French President Macron says he told China's Xi dialogue needed on Hong Kong

Macron calls for restraint and says he raised the topic ‘on several occasions’ during his visit

Two sides find common ground on need to defend free trade and fight climate change as Donald Trump starts process of pulling US out of Paris Climate Agreement

French President Emmanuel Macron said on Wednesday he had raised the situation in Hong Kong, rocked with unrest since several months, with his Chinese counterpart Xi Jinping.

“I shared our concerns and those of Europe”, he said during a news conference at the end of a three-day trip to China.

“We have repeatedly called on the parties involved to dialogue, to show restraint, to de-escalate,” he said, adding he had told Xi the “core of the issue (is) to stress the need for a de-escalation through dialogue”.

Macron’s visit to China concluded with pledges to work together on climate change, but the French leader also said he also called for a de-escalation of the situation in the city through dialogue following months of protests.

Macron, who had promised to raise “taboo” topics during the visit, told a press conference: “I obviously raised this with President Xi Jinping on several occasions.

The discussion followed Xi’s meeting with Hong Kong’s embattled Chief Executive Carrie Lam Cheng Yuet-ngor in Shanghai on Monday, where he expressed “high trust” in her and “fully affirmed” support for her response to the unrest that has gripped the city since June.

Earlier the two leaders had restated their commitment to protect free trade and pledged their continued support for the Paris Agreement as the United States begins the process of formally withdrawing from the global climate deal.

Macron expressed “regret” over “some countries’ negative attitude” towards environmental protection and the fight against climate change and pledged to work with China to halt the loss of biodiversity.

The French president’s office also released a statement on Wednesday that reaffirmed France and China’s joint support for the “irreversible” Paris Agreement.

With the European Union, China and Russia backing the pact, he added, “the isolated choice of one or another is not enough to change the course of the world. It only leads to marginalisation”.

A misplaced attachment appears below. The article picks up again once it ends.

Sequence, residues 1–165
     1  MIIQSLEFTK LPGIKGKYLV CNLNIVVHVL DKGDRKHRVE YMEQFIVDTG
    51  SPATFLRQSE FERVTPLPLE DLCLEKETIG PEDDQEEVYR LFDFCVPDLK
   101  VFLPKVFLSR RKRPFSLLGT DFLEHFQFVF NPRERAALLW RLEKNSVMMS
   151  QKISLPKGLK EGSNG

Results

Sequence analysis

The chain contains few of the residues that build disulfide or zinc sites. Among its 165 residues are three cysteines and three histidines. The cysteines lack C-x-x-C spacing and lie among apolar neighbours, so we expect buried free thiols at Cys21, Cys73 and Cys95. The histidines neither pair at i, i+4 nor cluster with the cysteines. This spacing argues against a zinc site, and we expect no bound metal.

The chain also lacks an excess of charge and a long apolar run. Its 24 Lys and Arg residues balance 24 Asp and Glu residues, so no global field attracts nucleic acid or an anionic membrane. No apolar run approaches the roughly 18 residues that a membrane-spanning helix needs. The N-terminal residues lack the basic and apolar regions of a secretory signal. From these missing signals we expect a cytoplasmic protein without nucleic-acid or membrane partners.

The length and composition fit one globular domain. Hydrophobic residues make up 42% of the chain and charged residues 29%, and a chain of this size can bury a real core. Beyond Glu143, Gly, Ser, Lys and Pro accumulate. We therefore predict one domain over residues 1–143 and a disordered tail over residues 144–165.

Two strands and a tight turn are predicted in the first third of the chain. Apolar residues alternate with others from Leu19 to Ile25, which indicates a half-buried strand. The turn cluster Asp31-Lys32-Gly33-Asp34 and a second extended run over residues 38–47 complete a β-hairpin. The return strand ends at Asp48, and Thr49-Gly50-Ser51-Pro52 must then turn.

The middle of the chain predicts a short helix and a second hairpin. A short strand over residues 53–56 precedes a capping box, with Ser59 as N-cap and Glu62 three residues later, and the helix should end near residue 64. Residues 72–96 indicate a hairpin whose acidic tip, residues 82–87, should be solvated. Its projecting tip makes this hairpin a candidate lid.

The two countries also agreed to work together to develop joint nuclear power projects and signed a series of contracts worth US$15 billion.

The deals covered aeronautics, energy and agriculture, including approval for 20 French companies to export poultry, beef and pork to China.

An additional action plan released after the talks said French utility giant EDF and China General Nuclear Power should be encouraged to cooperate on projects in China or third countries, citing the joint efforts by the two companies to build nuclear reactors at the Hinkley Point C station in the UK as an example.

The two sides also committed to signing a contract for the construction of a nuclear fuel recycling plant in China, which would involve French energy giant Orano, by January 31.

Xi took what appeared to be a veiled swipe at the United States, which is still embroiled in a protracted trade war and other confrontations with Beijing.

“We advocate for mutual respect and equal treatment, and are opposed to the law of the jungle and acts of intimidation,” Xi said.

“We advocate for openness, inclusion and for mutually beneficial cooperation, and are opposed to protectionism and a zero-sum game.”

Macron said China and the European Union should work in partnership as the world becomes more unstable, calling on the two sides to further open up market access.

“We call again for trade multilateralism to respond to distortions that have appeared in the global economy, which have led to a profound rise in inequalities and imbalances that explain the surge of challenges to the international systems,” he said.

“China and Europe also share the same views that the trade war only leads to loss”

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